The Journal Gazette
Wednesday, January 26, 2022 1:00 am

Trash pickup bid change clears House

NIKI KELLY | The Journal Gazette

The Indiana House voted 86-4 Tuesday to allow cities and towns to use a different bidding process for solid waste contacts.

House Bill 1286 was brought by Rep. Martin Carbaugh, R-Fort Wayne, at the request of Fort Wayne city officials frustrated by a troubled garbage contract.

Under current law, cities and towns – except for Indianapolis – must use an invitation to bid process in which they have to choose the “lowest responsible and responsive bidder.” The bill would allow all cities and towns to use a request for proposal process instead and other factors could be considered when awarding a contract.

The only area House member to oppose the bill was Rep. Curt Nisly, R-Goshen.

The bill now moves to the Senate for consideration.

No partisan school boards

A bill that would have made school board elections partisan died Tuesday in the Indiana House.

House Bill 1182 received a hearing earlier this month, but no one testified in support of the legislation. Instead, there was universal opposition.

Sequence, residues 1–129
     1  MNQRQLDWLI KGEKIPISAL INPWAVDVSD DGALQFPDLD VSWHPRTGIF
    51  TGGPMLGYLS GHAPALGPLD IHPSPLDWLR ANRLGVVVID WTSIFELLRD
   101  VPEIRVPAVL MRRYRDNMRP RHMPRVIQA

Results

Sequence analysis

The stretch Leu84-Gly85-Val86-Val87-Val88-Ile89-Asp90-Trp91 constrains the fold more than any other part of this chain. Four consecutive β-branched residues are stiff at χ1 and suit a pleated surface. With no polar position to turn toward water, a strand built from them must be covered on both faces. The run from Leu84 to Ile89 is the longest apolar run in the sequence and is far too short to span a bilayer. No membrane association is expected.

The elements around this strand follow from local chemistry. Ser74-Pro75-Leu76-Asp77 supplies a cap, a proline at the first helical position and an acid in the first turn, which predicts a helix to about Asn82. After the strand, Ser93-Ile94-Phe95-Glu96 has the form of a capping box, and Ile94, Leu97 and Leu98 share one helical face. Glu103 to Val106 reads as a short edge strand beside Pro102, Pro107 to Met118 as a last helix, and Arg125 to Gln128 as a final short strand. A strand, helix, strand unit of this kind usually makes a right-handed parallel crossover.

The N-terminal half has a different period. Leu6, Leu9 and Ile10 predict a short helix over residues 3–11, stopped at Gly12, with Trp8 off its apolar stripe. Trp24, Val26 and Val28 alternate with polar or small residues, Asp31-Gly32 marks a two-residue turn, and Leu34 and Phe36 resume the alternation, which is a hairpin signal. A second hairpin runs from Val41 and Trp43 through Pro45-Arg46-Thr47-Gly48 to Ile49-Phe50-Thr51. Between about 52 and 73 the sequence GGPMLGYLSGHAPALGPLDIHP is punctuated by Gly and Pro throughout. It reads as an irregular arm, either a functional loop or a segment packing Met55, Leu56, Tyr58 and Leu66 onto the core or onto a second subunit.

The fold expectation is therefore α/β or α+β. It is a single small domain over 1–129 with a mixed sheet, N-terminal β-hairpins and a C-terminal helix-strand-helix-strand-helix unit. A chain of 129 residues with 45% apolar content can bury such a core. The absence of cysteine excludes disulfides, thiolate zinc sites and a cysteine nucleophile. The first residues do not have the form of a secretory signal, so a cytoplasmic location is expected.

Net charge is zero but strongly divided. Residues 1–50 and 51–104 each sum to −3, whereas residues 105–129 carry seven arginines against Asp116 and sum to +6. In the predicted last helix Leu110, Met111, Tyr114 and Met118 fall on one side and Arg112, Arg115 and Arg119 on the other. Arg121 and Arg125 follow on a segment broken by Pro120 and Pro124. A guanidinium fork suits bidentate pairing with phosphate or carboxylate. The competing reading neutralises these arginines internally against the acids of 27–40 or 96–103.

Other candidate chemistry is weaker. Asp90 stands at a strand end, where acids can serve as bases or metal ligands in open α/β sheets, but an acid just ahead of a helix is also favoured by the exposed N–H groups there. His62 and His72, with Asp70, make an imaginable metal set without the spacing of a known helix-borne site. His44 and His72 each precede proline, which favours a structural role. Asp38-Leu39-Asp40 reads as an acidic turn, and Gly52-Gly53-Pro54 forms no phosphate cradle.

The bill had to pass out of committee by Tuesday or would die for the session.

Rep. Tim Wesco, R-Osceola, is chairman of the House Elections Committee and did not call for a vote on the measure that he co-authored.

He said the hearing was used to gather input and many constituents support it. But he also acknowledged a passionate group of people opposing it.

Wesco said this is not the year for the bill, but it could come back in the future.

School board elections are nonpartisan, and the bill would have required candidates to choose Republican, Democrat or Independent. Only a handful of states use this process.

Multiple versions of the bill were filed in both the House and Senate, but none have moved.

Public comment bill advances

School boards would be required to hear public comment under a bill that passed the House 92-1 on Tuesday.

House Bill 1130 was a response to several school districts' refusal to allow public comment in recent months after a summer of raucous meetings sometimes disrupted by the public.

Rep. Tim O'Brien, R-Evansville, said the bill he authored allows boards to limit the time a person can talk as long as it isn't below three minutes. And they can remove someone who interrupts the meetings.

“Hoosiers deserve to have their voices heard, especially when it comes to their children's education,” he said.

The bill now moves to the Senate.

No area lawmakers voted against the measure.

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